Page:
Is privacy the new taboo?

I’ve been online now for just over 5 years. Recently I accidentally found the first video I made of myself, where I self-consciously wondered whether the information broadcasting movement I was about to join had any relevance, or whether it was a half-witted attempt to engage in broader but seemingly disconnected discourses, as half-witted as the information selected for the Voyager time capsule meant for both future generations and extraterrestrials, now spinning around in outer space.

No, I am not going to share it. Too much information.

My blog is again disconnected. I’ve effectively shut down the communication overload that was making me spend more time than I could afford or than was good for me on the internet. Other bloggers are doing similar things it seems, as many networks with their own channels have formed. Facebook is the new general watering hole, and that too will need reducing. Facebook is scary. And that’s me saying it, someone who has shared domestic scenes and childhood memories on her professional blog. It’s the interconnectedness of everything that is so disturbing. It costs the wrong kind of time to keep up, and makes finding things so easy for the wrong kind of people.

I just watched the film on the Anonymous movement and am really somewhat taken aback by the extreme change in attitude that seems to have developed not only among hackers, but among many young people in general that the public has the right to know pretty much anything at any time, certainly about people with any kind of social or economic or political power. It used to be that you had to understand history to understand the now in perspective. I studied history for that reason. Today, history is history. Recently, the loud and pervasive advice to normal people who venture online is: forget privacy, you’ve long lost it. So it seems the only protection against privacy invasion is not to be interesting.

For everyone else, privacy is the new taboo.

Links about Anonymous:

Hey, this is just the beginning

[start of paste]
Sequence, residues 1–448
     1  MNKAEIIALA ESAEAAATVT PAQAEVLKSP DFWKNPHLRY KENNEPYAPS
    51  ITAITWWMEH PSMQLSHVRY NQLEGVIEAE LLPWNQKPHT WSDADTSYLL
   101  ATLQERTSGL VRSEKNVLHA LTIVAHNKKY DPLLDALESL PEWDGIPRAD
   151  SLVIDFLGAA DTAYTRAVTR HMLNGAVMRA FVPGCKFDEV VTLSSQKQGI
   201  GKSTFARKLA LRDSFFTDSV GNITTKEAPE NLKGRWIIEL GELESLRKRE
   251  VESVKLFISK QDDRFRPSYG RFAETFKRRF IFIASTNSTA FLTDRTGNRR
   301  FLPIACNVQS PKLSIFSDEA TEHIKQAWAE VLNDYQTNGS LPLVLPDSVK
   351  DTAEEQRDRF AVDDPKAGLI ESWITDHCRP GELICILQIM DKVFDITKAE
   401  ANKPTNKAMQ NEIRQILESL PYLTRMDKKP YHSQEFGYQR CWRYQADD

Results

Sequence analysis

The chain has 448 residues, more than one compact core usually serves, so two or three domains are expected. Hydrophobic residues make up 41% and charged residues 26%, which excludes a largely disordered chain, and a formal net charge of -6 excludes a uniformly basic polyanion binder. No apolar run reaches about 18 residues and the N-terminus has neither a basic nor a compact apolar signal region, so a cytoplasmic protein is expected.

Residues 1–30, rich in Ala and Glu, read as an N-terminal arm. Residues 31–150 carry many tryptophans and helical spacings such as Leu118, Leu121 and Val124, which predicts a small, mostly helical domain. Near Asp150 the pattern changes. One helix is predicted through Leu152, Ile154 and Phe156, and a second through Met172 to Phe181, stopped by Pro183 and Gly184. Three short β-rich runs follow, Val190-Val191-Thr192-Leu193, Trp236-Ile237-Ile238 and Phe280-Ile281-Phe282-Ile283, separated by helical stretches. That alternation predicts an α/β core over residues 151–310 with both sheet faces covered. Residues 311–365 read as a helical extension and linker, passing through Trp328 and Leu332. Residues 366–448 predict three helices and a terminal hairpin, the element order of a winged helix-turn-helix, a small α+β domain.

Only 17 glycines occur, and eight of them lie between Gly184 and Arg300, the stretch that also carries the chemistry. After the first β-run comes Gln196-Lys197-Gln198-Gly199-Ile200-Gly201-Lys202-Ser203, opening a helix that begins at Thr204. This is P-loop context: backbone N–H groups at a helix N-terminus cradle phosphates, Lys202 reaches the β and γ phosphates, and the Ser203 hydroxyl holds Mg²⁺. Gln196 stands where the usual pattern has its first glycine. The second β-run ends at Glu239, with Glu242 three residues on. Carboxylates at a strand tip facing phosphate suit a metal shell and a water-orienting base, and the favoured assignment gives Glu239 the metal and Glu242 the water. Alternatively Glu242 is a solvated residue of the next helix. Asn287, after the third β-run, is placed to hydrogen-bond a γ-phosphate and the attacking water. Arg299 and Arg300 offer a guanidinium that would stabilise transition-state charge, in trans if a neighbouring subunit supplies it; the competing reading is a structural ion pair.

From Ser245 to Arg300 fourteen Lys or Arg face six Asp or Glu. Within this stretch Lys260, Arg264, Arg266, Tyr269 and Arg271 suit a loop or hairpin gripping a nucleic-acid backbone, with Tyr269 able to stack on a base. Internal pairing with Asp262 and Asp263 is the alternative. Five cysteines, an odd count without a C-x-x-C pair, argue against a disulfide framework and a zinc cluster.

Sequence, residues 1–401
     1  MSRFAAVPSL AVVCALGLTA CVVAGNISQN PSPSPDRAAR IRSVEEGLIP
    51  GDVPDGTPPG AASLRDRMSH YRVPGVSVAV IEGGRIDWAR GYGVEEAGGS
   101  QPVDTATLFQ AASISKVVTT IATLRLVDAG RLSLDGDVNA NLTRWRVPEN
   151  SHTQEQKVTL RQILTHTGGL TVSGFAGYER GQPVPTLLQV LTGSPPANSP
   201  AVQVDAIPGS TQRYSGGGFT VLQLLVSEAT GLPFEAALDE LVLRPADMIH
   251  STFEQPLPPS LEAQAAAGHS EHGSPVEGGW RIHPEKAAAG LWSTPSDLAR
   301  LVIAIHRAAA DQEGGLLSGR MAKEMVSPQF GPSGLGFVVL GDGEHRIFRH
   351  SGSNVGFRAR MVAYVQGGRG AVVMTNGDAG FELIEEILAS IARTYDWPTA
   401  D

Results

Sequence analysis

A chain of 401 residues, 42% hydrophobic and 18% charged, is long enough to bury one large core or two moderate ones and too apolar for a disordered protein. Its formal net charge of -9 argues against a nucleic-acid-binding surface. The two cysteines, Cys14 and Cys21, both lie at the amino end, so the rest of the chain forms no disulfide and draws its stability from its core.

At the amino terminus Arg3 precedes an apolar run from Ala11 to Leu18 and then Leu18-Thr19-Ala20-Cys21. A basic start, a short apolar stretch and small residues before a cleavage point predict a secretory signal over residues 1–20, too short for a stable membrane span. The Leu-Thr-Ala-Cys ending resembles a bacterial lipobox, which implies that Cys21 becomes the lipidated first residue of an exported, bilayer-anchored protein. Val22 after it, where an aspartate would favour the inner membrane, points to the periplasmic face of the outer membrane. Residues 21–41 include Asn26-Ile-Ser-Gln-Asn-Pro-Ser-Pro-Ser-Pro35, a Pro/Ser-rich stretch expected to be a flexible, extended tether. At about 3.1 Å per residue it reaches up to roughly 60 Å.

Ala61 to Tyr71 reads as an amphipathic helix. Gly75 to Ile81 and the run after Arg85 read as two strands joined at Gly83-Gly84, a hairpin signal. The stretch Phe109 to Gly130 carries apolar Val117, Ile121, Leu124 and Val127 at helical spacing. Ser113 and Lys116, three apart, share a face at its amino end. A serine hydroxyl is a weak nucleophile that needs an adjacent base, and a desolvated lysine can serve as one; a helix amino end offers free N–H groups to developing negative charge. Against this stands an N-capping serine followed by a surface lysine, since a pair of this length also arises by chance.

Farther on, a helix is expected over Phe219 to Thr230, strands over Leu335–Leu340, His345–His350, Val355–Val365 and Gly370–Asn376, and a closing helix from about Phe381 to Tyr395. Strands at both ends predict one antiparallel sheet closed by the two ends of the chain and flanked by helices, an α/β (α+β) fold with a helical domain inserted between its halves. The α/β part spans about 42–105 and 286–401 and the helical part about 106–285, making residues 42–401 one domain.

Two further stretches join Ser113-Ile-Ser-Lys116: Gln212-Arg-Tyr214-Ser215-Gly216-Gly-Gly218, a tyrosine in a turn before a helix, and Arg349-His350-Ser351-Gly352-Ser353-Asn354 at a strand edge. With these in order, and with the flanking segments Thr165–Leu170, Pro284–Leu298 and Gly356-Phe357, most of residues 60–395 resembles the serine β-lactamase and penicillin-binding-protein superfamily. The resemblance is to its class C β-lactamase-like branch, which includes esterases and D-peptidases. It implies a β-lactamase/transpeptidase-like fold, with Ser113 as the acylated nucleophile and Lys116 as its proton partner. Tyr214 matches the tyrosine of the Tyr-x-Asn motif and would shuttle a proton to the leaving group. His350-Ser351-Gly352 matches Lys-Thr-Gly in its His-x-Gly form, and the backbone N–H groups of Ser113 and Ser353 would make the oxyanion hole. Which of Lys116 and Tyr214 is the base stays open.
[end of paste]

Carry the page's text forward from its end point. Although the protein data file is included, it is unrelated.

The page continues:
Found on Gavin Dudeney’s blog.

These kids are a lot more technophile than my adult students. And they have a lot more time on their hands to play with technology. And yet here I am, repeating my invitation to you, hoping to find adults learning English who are willing to share their thoughts online in blogs and other media. Online skills – and English skills – are not kids’ stuff. Those kids will be adults in 5-10 years. This is where we’re going. Most of the people I’ve been talking to about this EFL blog group project say they’re too busy. Pity. It would be fun if you went with me.

Starting an EFL blogging group

Are you feeling clueless about what a blog is and how to set one up to become part of the Island Weekly blogging project group? I’ve made a video for you.

Set up your blog here: or here:

If you’d like to see what a Posterous blog looks like, have a look at mine: With Posterous, you don’t even have to set up your blog. Just post an email to The subject line (Betreffzeile) will be the title, and the text will be your post. After you have sent off your first email you will get an email from Posterus asking you to “claim the site”. Follow the link and give your blog a name.  Posterous asks you to use your name, but instead you can use any name, so instead of “annehodgson” just give your blog an imaginary, imaginative name.

After your first post and claiming your blog, you always post to Posterous by sending an email to That automatically posts to your own blog, and you get a confirmation email with the link. It doesn’t get any simpler than that!

“EFL” stands for “English as a foreign language”. I’d be especially pleased if people who are working on their English would join our group.

Questions? Comments? Just click on the “comment/s” button below this entry.